RM150 fine for new AES summonses

PUTRAJAYA: New summonses issued under the Automated En­­forcement System (AES) will carry a fine of RM150 effective immediately, said Acting Transport Minister Datuk Seri Hishammuddin Tun Hussein.
He said the fine would increase gradually to the maximum of RM300 if the offender delays settling the summons.
Previously, the penalty was a flat rate of RM300.
“It’s similar to the method used by the police, whereby the longer one delays in paying, the more one has to pay,” he told newsmen after chairing the AES steering committee meeting here yesterday.
Hishammuddin also said following the decision to hand over the enforcement of the system to the police, AES summonses would be issued by them.
“They will have access to the control centre where the driver or vehicle owner is identified using the Road Transport Department (JPJ) database.
“JPJ will assist the enforcement of the law through its Kejara demerit point system,” he said.
On summonses already issued before this, Hishammuddin said the Government needed more time to resolve the matter, and the decision by the Attorney-General’s Chambers to freeze all court proceedings related to AES-related summonses still stands.
Two concessionaires – Beta Tegap Sdn Bhd and ATES Sdn Bhd – were originally awarded the contract to set up the system.
Taking over from the two concessionaires would be the newly set-up AES Solution Sdn Bhd, a government-owned company under the Ministry of Finance Incorporated.
“We will be taking over all their assets, liabilities and system. And yes, we will have to pay compensation,” he said, adding that due diligence would be conducted by a third party.
“An independent auditor will be appointed to evaluate the worth of the companies to ensure transparency. Under my watch, nobody is going to profit from this (take-over).”
It was reported that the two companies would be spending between RM300mil and RM400mil each to set up the system, including installing cameras at 831 locations nationwide.
They began operations on Sept 23 last year with 14 cameras installed in Selangor, Kuala Lumpur, Putrajaya and Perak, with nationwide installation expected to be completed this year.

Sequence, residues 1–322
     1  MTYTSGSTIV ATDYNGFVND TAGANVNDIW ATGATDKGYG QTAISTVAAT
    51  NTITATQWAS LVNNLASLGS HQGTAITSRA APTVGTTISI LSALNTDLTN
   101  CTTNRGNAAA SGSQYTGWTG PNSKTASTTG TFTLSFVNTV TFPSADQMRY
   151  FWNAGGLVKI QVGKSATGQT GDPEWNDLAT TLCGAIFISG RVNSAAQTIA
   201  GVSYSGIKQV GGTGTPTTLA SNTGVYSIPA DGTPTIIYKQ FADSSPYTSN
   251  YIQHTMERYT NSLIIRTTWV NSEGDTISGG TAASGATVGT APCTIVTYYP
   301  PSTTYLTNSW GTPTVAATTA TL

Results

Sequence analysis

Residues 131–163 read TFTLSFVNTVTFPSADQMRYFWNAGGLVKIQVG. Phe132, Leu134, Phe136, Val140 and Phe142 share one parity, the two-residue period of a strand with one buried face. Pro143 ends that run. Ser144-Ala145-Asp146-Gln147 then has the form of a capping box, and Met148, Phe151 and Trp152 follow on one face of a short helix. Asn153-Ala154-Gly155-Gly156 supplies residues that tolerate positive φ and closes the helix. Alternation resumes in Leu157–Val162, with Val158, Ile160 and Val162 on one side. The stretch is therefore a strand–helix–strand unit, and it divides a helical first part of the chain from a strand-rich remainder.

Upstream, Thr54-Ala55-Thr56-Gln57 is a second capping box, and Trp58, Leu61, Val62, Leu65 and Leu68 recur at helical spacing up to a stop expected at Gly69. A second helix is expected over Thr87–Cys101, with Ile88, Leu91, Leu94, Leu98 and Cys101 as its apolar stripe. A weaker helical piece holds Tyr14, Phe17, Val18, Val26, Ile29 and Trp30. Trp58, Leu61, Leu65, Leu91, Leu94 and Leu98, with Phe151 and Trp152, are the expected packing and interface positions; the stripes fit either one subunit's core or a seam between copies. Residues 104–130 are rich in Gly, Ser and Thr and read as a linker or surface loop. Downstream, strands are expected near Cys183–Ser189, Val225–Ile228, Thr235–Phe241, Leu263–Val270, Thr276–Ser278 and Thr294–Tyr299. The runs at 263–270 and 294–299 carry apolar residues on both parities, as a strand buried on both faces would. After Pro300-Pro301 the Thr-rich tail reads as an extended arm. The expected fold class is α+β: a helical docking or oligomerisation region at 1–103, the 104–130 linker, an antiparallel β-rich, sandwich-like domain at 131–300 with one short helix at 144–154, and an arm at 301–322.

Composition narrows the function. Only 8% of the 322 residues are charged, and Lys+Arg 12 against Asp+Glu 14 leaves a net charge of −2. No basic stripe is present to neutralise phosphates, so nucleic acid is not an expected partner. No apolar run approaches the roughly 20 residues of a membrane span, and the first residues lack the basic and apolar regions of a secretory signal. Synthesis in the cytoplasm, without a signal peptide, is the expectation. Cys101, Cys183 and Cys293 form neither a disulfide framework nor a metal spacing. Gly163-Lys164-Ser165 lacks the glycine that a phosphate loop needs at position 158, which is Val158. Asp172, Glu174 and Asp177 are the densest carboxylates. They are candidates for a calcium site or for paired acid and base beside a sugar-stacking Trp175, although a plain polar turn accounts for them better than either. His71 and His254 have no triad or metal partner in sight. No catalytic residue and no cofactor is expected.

The system captures still and moving images of vehicles caught speeding or beating traffic lights.

AES to be operated by AES Solutions Sdn Bhd

It’s confirmed – the Automated Enforcement System (AES) will be taken over from private operators ATES and Beta Tegap and will be operated by a government-owned company, AES Solutions Sdn Bhd. This was revealed at a Pemandu press conference in Putrajaya today.
A quick check with the SSM database reveals that AES Solutions was incorporated on September 2, 2013 and has two directors (not shareholders) listed – Maamor Che Alias and Datuk Kamal Mohd Ali. These two directors are listed as part of the senior management of Prokhas, a company wholly owned by the Ministry of Finance.
We reported earlier this week that AES operations have been handed over to PDRM. The controversial AES system was initially outsourced to two private companies, ATES and Beta Tegap. Beta Tegap was supposed to run AES for the southern region, while ATES would be responsible for the rest of the country, including Sabah and Sarawak.
The question that everyone has on their mind right now, but has yet to be answered is this – how much were ATES and Beta Tegap compensated for this transition? It was reported earlier that the AES system would cost an estimated RM300 to RM400 million to build up.
The AES is a network of automatic speed cameras which are supposed to ‘monitor’ traffic in 831 “black spot” areas on highways in addition to stretches of state and federal roads. These locations have been identified by the Malaysian Institute of Road Safety Research (Miros) as having the highest number of fatal accidents. 
Source From : Paul Tan.org

AES – operations officially handed over to PDRM

Some news about the Automated Enforcement System (AES) – it will now be run by the police, Bernamareports. Home Minister Datuk Seri Dr Ahmad Zahid Hamidi announced that all operational aspects of the system have been handed over to Polis Diraja Malaysia (PDRM).
“I confirm that the AES has been officially handed over to the police. It’s now in force at all locations where the cameras are installed,” he told reporters at an event during the weekend. Thus far, 14 AES cameras are operational in the country – the pilot project units are placed in seven locations in northern Zon A and seven places in central Zon B.
Last month, it was reported that the federal government was looking into taking over the operation and enforcement of the system from the two concessionaires which were appointed to run it. A steering committee was appointed to discuss the matter and determine the direction and expansion of the the AES.
Initially, two private companies, Beta Tegap and ATES, were appointed to run the RM700 million project. Beta Tegap, utilising equipment from Australian-based Redflex Traffic Systems, was supposed to run AES for the southern region, while ATES, which opted for equipment from German company Jenoptik Robot, would be responsible for the rest of the country, including Sabah and Sarawak.
Earlier in July, a news report indicated that as many as 1,079 AES cameras are to be installed nationwide – their locations have yet to be identified, but would be determined by the Malaysian Institute of Road Safety and Research (MIROS) in the near future.
Last year, at the advent of the system’s introduction, it was announced that the cameras were set to be deployed in 831 “black spot” areas on highways as well as stretches of state and federal roads.
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